Shares and in­ter­est rates go hand in hand

Finweek English Edition - - MONEY - BY SCHALK LOUW

Like cheese and wine; tea and bis­cuits; Sonny and Cher; and Bis­marck and a dis­ci­plinary hear­ing, the eq­uity mar­ket and in­ter­est rate cy­cles also go hand in hand.

On 2 Ju ne, t he Reser ve Bank r e por t e d t hat l ower i ng i ntere s t rates may be a thing of the past (for now). They f eel t hat a mod­er­ate strength­en­ing of the mon­e­tary pol­icy should help to keep inf la­tion in check while not hav­ing too great an ef­fect on eco­nomic growth.

Now the big ques­tion: if in­ter­est rates do rise, how will it af­fect lo­cal share prices? With­out us­ing his­tor­i­cal fig­ures as a pre­dic­tion for the fu­ture, we can use the pe­riod from 1973 on­wards as an ex­am­ple (see graphs).

What’s in­ter­est­ing about th­ese past 42 years is the fact that in­ter­est rates rose 48% of the time, and de­clined 52% of the time – close to a 50/50 sce­nario. Even more in­ter­est­ing is the du­ra­tion of th­ese phases. The av­er­age ris­ing phase dur­ing this pe­riod lasted for 31 months, while the av­er­age de­clin­ing phase lasted for 32 months.

When we con­sider t he eq­uit y mar­kets dur­ing th­ese phases, it is quite strik­ing that we never saw a neg­a­tive mar­ket dur­ing a de­clin­ing in­ter­est rate phase since 1973. On the con­trary, the

Port­fo­lio Manager at PSG Wealth mar­ket bloomed like the Na­maqua­land in spring.

The av­er­age g r owth dur­ing a de­clin­ing i nter­est rate phase was a stag­ger­ing 36% per year, while you would have only earned 0.5% growth on your cap­i­tal dur­ing a ris­ing in­ter­est rate phase. The four graphs clearly show t hat you would have out­per­formed t he money mar­ket dur­ing t he past si x de­clin­ing i nter­est r ate phases (1994-present), while this would not have been pos­si­ble dur­ing a r ising in­ter­est rate phase.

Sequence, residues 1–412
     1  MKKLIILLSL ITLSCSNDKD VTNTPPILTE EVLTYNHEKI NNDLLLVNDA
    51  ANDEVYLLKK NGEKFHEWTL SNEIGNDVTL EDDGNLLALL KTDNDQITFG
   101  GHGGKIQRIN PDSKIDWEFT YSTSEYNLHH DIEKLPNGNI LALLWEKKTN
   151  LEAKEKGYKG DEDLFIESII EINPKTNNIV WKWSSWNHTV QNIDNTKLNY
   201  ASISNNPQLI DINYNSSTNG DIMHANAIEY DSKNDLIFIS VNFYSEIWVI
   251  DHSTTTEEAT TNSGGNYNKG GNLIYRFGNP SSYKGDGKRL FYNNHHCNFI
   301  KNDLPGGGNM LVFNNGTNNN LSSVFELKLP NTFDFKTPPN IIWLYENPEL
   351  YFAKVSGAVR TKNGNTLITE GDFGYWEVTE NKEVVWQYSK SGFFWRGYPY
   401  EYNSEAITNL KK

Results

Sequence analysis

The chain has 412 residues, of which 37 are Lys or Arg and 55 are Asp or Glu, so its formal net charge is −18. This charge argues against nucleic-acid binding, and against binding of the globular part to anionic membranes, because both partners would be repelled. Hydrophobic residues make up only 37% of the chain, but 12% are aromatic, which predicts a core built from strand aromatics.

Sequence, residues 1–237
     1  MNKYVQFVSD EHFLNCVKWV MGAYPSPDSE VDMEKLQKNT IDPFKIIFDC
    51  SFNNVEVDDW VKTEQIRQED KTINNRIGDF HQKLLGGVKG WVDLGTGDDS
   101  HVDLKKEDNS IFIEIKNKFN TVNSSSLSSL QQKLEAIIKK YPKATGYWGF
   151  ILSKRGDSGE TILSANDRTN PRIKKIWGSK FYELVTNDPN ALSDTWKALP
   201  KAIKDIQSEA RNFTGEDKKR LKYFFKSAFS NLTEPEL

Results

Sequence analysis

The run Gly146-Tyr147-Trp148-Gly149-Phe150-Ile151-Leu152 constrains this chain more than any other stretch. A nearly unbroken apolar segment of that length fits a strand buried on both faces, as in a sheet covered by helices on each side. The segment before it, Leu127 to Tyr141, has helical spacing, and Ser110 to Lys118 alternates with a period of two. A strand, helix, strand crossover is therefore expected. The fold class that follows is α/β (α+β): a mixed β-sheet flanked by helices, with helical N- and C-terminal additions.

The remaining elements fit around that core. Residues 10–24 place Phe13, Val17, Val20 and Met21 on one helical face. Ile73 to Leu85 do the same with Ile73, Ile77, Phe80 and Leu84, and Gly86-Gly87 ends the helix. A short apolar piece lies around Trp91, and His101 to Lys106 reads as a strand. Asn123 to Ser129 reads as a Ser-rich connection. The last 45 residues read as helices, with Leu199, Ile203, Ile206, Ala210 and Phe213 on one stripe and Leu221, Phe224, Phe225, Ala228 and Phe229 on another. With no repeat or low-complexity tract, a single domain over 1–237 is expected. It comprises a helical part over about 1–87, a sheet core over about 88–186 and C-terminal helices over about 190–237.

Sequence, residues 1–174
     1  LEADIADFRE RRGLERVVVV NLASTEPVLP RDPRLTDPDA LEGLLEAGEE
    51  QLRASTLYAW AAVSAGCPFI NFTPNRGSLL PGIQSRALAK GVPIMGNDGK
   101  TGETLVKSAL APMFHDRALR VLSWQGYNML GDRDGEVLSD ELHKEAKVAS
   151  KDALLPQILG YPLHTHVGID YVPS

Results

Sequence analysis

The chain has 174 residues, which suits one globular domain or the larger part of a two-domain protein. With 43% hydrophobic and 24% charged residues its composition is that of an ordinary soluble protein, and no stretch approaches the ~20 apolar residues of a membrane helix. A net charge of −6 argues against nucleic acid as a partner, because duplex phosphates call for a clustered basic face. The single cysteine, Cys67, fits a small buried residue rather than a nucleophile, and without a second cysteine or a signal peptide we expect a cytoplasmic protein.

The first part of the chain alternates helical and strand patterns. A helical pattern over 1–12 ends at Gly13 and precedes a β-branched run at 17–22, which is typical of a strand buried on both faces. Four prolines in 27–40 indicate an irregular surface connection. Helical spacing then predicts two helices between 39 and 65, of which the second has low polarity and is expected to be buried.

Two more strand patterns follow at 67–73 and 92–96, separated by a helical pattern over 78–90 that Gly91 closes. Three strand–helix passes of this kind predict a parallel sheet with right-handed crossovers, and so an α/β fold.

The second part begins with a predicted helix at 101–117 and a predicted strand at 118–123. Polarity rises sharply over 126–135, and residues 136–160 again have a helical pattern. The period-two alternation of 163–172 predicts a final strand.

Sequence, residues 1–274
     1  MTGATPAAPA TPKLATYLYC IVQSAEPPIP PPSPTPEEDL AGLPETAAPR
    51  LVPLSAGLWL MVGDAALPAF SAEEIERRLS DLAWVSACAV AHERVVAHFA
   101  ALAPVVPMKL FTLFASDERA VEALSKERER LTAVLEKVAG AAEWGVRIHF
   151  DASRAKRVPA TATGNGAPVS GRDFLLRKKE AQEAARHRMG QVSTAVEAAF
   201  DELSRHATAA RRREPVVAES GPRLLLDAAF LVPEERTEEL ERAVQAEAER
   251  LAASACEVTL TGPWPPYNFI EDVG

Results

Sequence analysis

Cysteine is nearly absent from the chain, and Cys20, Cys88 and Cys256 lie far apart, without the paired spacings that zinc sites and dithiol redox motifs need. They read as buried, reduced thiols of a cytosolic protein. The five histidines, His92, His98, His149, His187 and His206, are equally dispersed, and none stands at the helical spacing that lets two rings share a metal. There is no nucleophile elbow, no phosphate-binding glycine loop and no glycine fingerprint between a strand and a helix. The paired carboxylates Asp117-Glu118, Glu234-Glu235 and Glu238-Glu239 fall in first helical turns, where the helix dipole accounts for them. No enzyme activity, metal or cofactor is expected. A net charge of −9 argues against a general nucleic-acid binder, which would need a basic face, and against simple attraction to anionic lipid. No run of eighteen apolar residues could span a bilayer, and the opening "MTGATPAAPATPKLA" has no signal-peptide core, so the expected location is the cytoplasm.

What’s re­mark­able about this the­ory is that if you in­vested R100 in shares only in March 1986, your R100 would be worth R3 966 to­day, com­pared to the R1 837 be­fore tax you would have had if you in­vested in the money mar­ket. If you had only in­vested in shares dur­ing a de­clin­ing in­ter­est rate phase and took refuge in the money mar­ket dur­ing a ris­ing in­ter­est rate phase, your R100 would be worth a whop­ping R12 357 to­day.

At this point, I need to re­it­er­ate the fact that the past serves as no prom­ise for fu­ture per­for­mance.

Newspapers in English

Newspapers from South Africa

© PressReader. All rights reserved.